Sadness, anger, and hope were among the emotions expressed as people of all races gathered at the Florida Capitol Wednesday evening to honor the life of Oluwatoyin Salau.
Salau who was a Black Lives Matter member and an active protester in Tallahassee, was found dead Saturday after being reported missing since June 6.
Salau, 19, was known for wanting to help others, even though she may have needed someone to help her. The Rev. Latrecia Edwards-Griffin gave a short anecdote about an encounter she had with Salau a few days before Salau went missing.
“What I recall the most about my conversation with Toyin that evening was the consistent plea from all that was inside her. She said, ‘Pastor, I just want to help somebody.’ I can hear her voice as she cries out, I am not a victim even though she had been victimized,” Edwards-Griffin said.
Salau was a caring and loving friend and she sparked the minds. Of those who knew her. Salau’s close friend Brooke Demps spoke about the friendship she had with her. “In a 25 minute car ride I learned more from her than I ever prepared myself for. If you knew Toyin, you knew she was a star in the making. I imagined seeing her name in headlines, but not like this,” Demps said while trying to keep herself from shedding tears.
Demps wanted to illustrate how good a person she knew her friend to be. “You have to understand how much of a light and beautiful person she really was. To be going through what she had been going through and still put others before herself,” Demps said.
Salau was a student at Tallahassee Community College and planned to transfer to Florida A&M when she was finished getting her associate’s degree. FAMU Student Government Association leader Jalen Guton did not know Salau but spoke passionately on behalf of FAMU’s SGA. “Toyin was going to be a FAMU student when she finished up TCC. While FAMU will do its part in aiding this movement and instilling the values of love and charity, I cannot print we are beyond reproach, because at FAMU she would’ve still been met with some of the same demons while fighting the oppressor,” Guton said.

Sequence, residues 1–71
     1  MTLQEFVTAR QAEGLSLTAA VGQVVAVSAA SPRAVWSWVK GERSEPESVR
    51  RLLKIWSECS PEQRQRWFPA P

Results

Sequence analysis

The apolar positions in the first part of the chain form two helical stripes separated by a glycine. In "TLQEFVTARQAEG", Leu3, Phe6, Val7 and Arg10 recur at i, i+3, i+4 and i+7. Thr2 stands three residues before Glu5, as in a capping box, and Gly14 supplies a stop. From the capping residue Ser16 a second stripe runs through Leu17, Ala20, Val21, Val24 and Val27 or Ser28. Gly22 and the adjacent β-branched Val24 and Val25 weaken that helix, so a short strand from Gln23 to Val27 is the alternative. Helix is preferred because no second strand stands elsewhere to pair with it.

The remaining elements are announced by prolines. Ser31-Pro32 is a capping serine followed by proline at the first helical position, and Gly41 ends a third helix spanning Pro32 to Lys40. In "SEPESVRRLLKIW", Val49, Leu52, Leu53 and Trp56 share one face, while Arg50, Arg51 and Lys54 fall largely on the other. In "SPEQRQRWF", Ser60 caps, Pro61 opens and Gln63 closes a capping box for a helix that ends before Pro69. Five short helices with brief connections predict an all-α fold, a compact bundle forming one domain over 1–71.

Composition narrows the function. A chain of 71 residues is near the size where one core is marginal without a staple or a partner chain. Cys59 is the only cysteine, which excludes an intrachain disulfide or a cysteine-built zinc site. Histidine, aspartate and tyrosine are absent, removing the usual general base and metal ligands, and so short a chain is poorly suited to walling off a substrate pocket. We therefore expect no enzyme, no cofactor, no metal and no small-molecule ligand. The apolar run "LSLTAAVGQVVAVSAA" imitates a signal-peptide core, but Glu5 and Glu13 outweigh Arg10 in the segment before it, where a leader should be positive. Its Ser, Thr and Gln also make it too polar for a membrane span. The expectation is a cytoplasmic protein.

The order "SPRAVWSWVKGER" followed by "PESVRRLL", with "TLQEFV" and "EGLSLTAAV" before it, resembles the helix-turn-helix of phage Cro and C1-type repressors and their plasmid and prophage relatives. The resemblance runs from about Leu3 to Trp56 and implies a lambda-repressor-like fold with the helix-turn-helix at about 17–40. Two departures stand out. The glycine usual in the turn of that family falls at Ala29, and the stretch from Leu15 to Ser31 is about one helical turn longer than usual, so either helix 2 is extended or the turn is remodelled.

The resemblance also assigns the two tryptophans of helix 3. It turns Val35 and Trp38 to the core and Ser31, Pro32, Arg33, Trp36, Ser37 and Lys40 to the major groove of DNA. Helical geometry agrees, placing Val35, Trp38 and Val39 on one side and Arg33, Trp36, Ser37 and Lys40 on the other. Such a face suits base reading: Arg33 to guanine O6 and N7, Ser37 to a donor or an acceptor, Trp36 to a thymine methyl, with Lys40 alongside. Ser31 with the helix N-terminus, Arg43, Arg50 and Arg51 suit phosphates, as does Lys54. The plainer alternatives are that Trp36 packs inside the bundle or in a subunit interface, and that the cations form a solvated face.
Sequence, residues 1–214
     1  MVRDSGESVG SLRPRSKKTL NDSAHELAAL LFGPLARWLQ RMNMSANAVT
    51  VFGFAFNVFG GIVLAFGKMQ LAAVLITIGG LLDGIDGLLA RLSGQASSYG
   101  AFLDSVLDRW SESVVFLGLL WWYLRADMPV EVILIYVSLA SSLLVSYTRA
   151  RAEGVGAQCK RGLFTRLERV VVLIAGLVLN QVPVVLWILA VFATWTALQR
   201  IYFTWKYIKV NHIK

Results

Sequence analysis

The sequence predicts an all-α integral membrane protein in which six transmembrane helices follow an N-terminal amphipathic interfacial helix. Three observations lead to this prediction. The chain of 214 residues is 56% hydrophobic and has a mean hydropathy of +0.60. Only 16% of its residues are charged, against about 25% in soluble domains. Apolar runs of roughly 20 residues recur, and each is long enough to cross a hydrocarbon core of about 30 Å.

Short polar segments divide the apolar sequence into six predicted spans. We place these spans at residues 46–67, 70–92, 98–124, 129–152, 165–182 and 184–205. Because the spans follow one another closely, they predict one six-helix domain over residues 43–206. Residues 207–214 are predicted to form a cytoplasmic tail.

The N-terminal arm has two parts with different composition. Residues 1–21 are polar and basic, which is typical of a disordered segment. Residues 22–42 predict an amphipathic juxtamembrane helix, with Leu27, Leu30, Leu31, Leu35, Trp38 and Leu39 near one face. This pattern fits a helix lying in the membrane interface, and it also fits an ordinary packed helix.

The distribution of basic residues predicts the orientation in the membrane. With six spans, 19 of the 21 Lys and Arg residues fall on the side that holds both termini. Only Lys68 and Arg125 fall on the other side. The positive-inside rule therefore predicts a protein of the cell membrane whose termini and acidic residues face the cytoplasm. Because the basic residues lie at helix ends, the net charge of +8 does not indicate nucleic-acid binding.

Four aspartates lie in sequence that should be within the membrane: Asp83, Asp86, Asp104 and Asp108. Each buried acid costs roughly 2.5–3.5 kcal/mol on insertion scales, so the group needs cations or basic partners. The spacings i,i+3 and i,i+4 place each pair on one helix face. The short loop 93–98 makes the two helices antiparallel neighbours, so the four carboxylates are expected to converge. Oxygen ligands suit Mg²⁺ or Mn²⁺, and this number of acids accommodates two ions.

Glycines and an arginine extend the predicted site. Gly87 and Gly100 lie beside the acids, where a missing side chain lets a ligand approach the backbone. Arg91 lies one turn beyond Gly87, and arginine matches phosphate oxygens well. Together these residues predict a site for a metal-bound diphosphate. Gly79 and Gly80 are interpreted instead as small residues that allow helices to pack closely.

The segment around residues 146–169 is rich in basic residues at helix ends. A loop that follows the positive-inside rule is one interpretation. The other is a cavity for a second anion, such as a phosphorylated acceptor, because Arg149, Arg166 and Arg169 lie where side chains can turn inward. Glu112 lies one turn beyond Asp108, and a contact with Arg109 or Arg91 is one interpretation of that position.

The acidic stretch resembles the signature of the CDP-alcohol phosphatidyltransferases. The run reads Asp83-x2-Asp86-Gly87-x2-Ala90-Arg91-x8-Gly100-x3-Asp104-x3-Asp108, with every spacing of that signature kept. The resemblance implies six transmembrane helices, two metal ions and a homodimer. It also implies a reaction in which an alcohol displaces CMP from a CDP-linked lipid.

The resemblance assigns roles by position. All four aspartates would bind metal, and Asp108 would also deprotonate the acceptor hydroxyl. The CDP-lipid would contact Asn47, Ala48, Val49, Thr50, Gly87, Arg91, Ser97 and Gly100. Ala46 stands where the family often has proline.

To end his speech Guton shouted, “Say her name” repeatedly, as the crowd shouted the same back at him.
Salau was one of the people on the front lines, protesting for the Black Lives Matter movement. Congressman Al Lawson recalled when he first saw Salau being interviewed on the news at a protest. “I saw Toyin giving an interview in front of the police station and it was something about that interview that made me focus on what she was saying. I told my staff that I need to meet that young lady,” Lawson said. “I want this crowd tonight to never forget what Toyin did here in this community. She may have had a short life, but I can tell you she is with us and she is going to make a difference in this community.” Lawson concluded: “Don’t give up, don’t give in, we are going to win and change is going to come.”
Salau’s death has hit mainstream media. Actress Gabrielle Union posted a picture of Salau with the caption, “Toyin deserved so much more. She fought for so much more for all of us. I can’t shake it. I am her and she is me.”
Salau’s friends remember her as a strong young woman and they vow to continue her fight for change.